AdversiTurtle

After retiring from ZZT officially in 2002 with Zem! X, my friend WiL (whose accomplishments and involvement in the ZZT community far outshone mine) convinced me to join him for the Spring 2003 24 Hours of ZZT competition. The theme was “adversity.” We won first place for our entry AdversiTurtle, an “interactive movie” about a turtle who introduces adversity into the lives of the relatively comfortable. The player takes control of AdversiTurtle as he faces off against other adversity-themed opponents, such as AdversiTofu in a series of minigames. WiL took care of most of the programming and all of the music, while we wrote the game together, and we both drew the art. I’m pretty sure AdversiTurtle was based on one of my character designs, but I can’t entirely remember.

Due to a hilarious mix-up with emails, the version we submitted was missing some of the art boards I was supposed to complete and send to WiL. This version is the correctly synthesized edition.

Zem! X

  

For the final game in the Zem! series, the game moves away from its Lemmings root and toward an action platformer. The player character is Ben (or Jenna) Hunter, a lemming hunter, who has to chase down and save Zem before Zem walks into a pit of spikes or any other danger.

This was announced as my official retirement from ZZT game development. I had begun working on the game almost immediately after Zem! 2 (the Zem! 2 Level Pack included a preview of Zem! X).

ZZT games require ZZT to run. Download it from Z2.

Zem! 2 Level Pack

  

Zem! 2 was well-received, but it was frequently noted that its level design was excessively simple and presented no real challenge. Speaking to fellow ZZTers in the chat rooms of the day, the plan was hatched to collect levels from the community rather than have a traditional sequel. The game features twenty-five stages from ten contributors in addition to myself. Contributors include Gunner, Scribbit, Viovis, Glynth, tseng, and more. Levels tended toward greater challenge and some contributors programmed some interesting new elements.

Released about half a year after the original Zem! 2.

ZZT games require ZZT to run. Download it from Z2.

Zem! 2

  

While Zem! asked players to manipulate a cursor that plotted blocks to help shepherd a lemming to an exit, Zem! 2 puts you in control of the same lemming, Zem. Zem still marches on, but now the player can intervene to grant him abilities based on those in the original Lemmings game by Psygnosis.

This sequel was released just a month and a half after the first Zem!

Zem! and its first sequel were profiled by Dr. Dos in the “Closer Look” series in August 2016.

ZZT games require ZZT to run. Download it from Z2.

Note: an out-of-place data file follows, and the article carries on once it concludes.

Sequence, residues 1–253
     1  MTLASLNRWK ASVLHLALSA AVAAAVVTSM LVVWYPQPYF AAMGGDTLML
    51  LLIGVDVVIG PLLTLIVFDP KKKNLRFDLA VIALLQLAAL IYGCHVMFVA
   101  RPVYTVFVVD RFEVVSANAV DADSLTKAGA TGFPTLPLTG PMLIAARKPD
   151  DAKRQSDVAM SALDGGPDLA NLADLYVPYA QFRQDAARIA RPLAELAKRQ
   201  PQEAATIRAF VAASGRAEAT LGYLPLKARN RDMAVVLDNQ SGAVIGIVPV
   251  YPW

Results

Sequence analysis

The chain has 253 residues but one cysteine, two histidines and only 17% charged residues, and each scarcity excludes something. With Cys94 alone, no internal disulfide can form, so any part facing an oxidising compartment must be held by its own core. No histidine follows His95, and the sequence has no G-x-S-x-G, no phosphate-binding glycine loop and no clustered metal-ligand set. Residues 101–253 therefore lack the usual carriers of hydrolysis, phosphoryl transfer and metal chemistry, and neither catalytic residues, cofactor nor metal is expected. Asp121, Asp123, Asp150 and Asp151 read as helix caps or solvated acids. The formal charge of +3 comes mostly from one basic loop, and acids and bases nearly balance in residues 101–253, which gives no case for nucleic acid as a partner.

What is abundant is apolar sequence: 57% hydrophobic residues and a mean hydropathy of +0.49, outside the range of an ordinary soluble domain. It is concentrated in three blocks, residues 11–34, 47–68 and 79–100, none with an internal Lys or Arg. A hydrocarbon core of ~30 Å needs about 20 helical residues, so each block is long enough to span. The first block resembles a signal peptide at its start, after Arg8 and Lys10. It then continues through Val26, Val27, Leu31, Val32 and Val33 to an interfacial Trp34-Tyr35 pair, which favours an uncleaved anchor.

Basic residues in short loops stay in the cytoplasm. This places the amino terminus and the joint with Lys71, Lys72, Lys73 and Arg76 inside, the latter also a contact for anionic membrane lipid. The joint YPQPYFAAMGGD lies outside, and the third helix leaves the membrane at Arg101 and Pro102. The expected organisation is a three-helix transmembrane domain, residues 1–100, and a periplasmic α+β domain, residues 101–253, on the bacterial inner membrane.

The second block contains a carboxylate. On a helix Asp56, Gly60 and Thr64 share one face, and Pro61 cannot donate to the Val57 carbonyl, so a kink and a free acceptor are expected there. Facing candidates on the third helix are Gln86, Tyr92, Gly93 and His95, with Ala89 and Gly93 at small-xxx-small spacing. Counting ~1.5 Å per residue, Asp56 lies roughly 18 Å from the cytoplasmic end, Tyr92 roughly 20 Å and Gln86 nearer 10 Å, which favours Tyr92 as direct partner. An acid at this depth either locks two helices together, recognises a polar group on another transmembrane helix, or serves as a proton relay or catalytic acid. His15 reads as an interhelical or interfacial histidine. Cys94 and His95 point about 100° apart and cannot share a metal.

Zem!

 

Inspired by Lemmings, this ZZT engine game–the beginning of a four-entry series–puts the player in control of a cursor that builds block in order to safely guide the eternally marching Zem to the exit portal.

ZZT games require ZZT to run.

Zem! and its first sequel were profiled by Dr. Dos in the “Closer Look” series in August 2016.

Newt Interactive Preview 1998

A collection of ZZT boards released to my then-website, Newt’s Pond. It features a crane game that was never implemented in any released games (though was featured in Nessness, a cancelled project). There are also a smattering of sample boards from previously released and soon-to-be-released games. It also has an advertisement for the ZZT newsletter I was trying to get off the ground and teases a few projects that never materialized, including a spy adventure spoof called “James Yawn.”

 

Night Conjure

  

Made right on the heels of Parallel Universe and The Punctuation People, Night Conjure was created for the very first 24 Hours of ZZT competition in the summer of 1998 under the theme “night.” It was highly influenced by games in the Zelda series, and the protagonist, naturally, has to save the world from evil forces that arrive at nightfall. The game returns you to the same locations multiple times as the day progresses into night.

It was the first game to take place in the fantasy realm of Nellad, which was also the setting of 1999’s Megazeux game The Grand Mage.

Looking back, this has some of my most interesting board design and most attractive aesthetics in my ZZT work.

ZZT games require ZZT to run. Download from Z2.

Parallel Universe: Chapter 1

  

Subtitled “Dual Plane,” this was meant to be the first in a long serial adventure inspired by the ZZT series Chrono Wars and two episodes of Sliders I saw at my cousins’ house.

This was my first attempt at a serious ZZT adventure game. It has some embarrassing themes of young earth creationism.

ZZT games require ZZT. Download from Z2.

Ancient Castle of the Dogs

 

Originally begun as part of a cancelled Bob 3 adventure game, this action-adventure game delights in bad puns and giant dogs (with weak spots on their noses). Features some programming and design elements from Glynth and originally released to Glynth’s website right before New Year’s Eve 1997. The last game I released to use the “star system” of recurring characters playing different roles.

In 2012, ZZTer and Glorious Trainwrecker Viovis/ghettowreath published a write-up of Ancient Castle of the Dogs as a “ZZT Essential.”

Bob 2: A New Adventure

  

Bob 2 is a lot like Bob: The Adventure in time. It’s a little more sophisticated in its mission structure, but it’s also really not. It was released within a couple months of its predecessor. Perhaps the most interesting thing about this game is its reuse and recasting of the characters from the first Bob game in new roles, like actors. Not that these were terribly deep characters.

ZZT games require ZZT to run. Download from Z2.